LTK: How can fathers provide support during their partner's pregnancy?
AB: Sometimes it is just to be a good listener and responder (My feet ache! Get me some food!), sometimes it is to be a rock of support when things don't go as planned (one of the 52 complications of pregnancy), sometimes it is as personal trainer or motivational coach (staying fit with your pregnant partner or both of you eating a healthier diet). Pregnancy is stressful. It's less stressful and more enjoyable when you feel like you are going through it together.
- Be supportive--don't take the episodes of crying or increased sensitivity personally. Know that her hormones are at an all-time high and she can't always control her emotions.
- Exercise with her, even if this wasn't something you did prior to pregnancy.
- Make smart food choices with her--it's easier to avoid a bag of Cheetos if it isn't in the pantry!
- Even if you can't make it to her prenatal visits due to work or other issues, write down questions that you may have and send her with the list so that her practitioner can answer your questions too--a better-informed dad is a dad who is less nervous and more able to help care for his partner.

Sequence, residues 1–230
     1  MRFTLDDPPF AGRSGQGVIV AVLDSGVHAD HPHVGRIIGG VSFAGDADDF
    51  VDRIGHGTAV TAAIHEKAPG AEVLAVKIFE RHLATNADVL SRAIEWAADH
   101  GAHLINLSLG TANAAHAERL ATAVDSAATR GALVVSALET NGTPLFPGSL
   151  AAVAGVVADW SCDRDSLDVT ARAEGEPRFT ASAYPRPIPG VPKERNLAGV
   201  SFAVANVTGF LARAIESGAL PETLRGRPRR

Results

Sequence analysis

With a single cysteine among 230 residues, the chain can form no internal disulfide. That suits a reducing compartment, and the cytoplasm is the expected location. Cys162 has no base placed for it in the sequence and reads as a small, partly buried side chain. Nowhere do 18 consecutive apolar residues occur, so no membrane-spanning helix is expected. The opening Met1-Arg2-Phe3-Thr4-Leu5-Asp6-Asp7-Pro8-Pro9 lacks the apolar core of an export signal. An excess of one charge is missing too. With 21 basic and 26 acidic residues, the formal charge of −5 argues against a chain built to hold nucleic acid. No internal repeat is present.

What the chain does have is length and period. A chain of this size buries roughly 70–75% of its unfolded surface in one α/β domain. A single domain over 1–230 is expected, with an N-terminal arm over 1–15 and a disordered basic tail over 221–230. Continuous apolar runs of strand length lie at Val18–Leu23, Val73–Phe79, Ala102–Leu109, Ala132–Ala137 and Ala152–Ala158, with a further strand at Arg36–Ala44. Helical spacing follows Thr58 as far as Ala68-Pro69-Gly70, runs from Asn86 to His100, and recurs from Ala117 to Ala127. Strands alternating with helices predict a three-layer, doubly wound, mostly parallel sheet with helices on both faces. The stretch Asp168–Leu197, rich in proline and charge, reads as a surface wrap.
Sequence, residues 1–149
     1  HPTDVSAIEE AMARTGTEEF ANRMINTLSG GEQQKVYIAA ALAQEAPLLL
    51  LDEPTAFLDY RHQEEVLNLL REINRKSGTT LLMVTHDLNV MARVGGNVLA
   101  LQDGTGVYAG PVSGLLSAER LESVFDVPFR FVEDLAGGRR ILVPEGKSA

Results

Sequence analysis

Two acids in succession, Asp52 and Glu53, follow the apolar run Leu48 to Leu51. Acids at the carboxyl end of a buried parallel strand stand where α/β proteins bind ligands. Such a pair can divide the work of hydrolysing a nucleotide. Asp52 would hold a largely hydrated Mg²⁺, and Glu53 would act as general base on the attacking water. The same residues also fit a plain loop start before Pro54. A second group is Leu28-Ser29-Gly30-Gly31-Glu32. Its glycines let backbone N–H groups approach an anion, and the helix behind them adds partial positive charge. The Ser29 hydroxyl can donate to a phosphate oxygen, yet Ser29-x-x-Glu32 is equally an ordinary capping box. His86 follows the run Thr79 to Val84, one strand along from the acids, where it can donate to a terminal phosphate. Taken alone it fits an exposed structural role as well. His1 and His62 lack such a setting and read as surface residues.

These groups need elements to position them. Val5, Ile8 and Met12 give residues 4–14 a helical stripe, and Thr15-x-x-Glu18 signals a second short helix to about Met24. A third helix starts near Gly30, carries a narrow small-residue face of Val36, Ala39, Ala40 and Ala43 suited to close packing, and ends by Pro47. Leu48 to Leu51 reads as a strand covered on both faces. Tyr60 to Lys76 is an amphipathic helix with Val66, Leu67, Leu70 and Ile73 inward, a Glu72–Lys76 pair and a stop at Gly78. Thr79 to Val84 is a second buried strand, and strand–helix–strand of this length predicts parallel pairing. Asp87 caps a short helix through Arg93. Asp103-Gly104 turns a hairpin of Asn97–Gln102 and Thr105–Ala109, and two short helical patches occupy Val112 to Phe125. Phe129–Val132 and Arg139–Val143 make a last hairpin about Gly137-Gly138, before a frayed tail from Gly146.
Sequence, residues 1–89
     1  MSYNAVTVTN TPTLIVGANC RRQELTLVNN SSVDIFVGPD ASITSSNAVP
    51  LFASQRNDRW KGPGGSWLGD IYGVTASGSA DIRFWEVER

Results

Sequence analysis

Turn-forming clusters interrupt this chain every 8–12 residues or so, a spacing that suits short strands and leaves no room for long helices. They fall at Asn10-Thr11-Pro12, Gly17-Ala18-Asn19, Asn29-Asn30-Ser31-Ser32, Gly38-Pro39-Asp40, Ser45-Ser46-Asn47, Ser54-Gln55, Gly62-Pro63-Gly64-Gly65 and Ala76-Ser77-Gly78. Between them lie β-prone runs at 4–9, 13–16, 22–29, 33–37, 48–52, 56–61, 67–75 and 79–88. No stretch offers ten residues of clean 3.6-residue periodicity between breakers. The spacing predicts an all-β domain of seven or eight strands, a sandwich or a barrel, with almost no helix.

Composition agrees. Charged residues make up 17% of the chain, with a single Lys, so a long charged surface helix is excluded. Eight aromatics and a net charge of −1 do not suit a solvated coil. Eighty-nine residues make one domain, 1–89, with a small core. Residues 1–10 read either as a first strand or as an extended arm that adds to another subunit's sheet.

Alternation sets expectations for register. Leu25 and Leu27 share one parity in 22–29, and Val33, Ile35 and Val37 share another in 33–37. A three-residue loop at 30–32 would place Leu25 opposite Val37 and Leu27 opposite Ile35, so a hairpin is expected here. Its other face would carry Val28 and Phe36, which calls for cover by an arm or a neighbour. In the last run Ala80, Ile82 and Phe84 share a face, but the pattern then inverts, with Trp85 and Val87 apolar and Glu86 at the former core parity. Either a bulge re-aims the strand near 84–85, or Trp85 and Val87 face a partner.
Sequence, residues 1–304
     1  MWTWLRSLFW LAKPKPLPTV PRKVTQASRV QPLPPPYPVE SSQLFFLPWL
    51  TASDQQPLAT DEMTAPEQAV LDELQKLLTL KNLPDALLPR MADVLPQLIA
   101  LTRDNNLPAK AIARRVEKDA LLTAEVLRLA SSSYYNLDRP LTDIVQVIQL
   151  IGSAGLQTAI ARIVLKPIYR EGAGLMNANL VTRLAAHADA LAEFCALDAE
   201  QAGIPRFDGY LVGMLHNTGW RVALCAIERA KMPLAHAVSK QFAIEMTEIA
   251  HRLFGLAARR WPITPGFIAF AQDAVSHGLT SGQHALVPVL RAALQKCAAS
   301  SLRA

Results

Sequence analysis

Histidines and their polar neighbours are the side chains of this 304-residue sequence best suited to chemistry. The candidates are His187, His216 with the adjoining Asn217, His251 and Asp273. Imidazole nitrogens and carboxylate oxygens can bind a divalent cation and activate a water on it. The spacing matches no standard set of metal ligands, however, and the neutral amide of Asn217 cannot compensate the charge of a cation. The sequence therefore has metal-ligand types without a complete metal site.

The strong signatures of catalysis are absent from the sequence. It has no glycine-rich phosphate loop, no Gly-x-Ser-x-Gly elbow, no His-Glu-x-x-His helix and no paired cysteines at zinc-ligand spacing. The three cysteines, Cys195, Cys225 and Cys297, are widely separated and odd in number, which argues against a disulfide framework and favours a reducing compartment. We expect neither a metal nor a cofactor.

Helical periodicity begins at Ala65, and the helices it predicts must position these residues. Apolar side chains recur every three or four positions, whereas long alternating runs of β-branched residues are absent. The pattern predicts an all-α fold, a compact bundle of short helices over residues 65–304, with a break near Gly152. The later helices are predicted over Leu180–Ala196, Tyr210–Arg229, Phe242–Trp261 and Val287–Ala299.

LTK: How can dads prepare for the big day?AB: Go to the doctor's appointments--especially the big ones--like the ultrasounds and the one where the doctor goes over all the nitty-gritty details about when labor starts, when to call, when to head to the hospital, and where to park. Pack a bag, just like your partner will do, so you are ready. Hire a pet sitter or get a babysitter lined up for an older child when you go into labor so your partner has one less thing to worry about. (It's those little micromanaging details your spouse will really appreciate!)
- Read what your partner is reading so that delivery day seems much less like something from a movie. Knowing in advance what will likely happen makes men and therefore their partners less nervous and more comfortable, whether delivery will happen at home, in a birthing center, or at a hospital.